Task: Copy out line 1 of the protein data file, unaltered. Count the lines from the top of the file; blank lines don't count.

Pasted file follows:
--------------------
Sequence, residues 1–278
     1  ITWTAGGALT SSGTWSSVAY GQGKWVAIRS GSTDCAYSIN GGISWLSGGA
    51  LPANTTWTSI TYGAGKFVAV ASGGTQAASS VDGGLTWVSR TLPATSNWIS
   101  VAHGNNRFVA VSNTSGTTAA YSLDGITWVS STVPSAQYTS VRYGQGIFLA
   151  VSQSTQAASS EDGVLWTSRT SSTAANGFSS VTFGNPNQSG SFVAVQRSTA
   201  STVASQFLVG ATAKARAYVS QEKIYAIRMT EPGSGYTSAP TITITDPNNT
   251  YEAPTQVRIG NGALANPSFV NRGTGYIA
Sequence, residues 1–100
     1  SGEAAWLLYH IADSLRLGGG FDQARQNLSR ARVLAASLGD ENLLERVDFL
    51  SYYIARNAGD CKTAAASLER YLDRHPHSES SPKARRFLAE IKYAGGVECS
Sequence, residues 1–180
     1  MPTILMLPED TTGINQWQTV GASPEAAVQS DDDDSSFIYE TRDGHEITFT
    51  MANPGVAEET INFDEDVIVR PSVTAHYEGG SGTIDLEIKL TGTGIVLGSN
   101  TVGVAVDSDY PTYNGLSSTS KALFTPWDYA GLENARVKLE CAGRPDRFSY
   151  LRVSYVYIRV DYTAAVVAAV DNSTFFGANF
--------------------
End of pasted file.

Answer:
Sequence, residues 1–278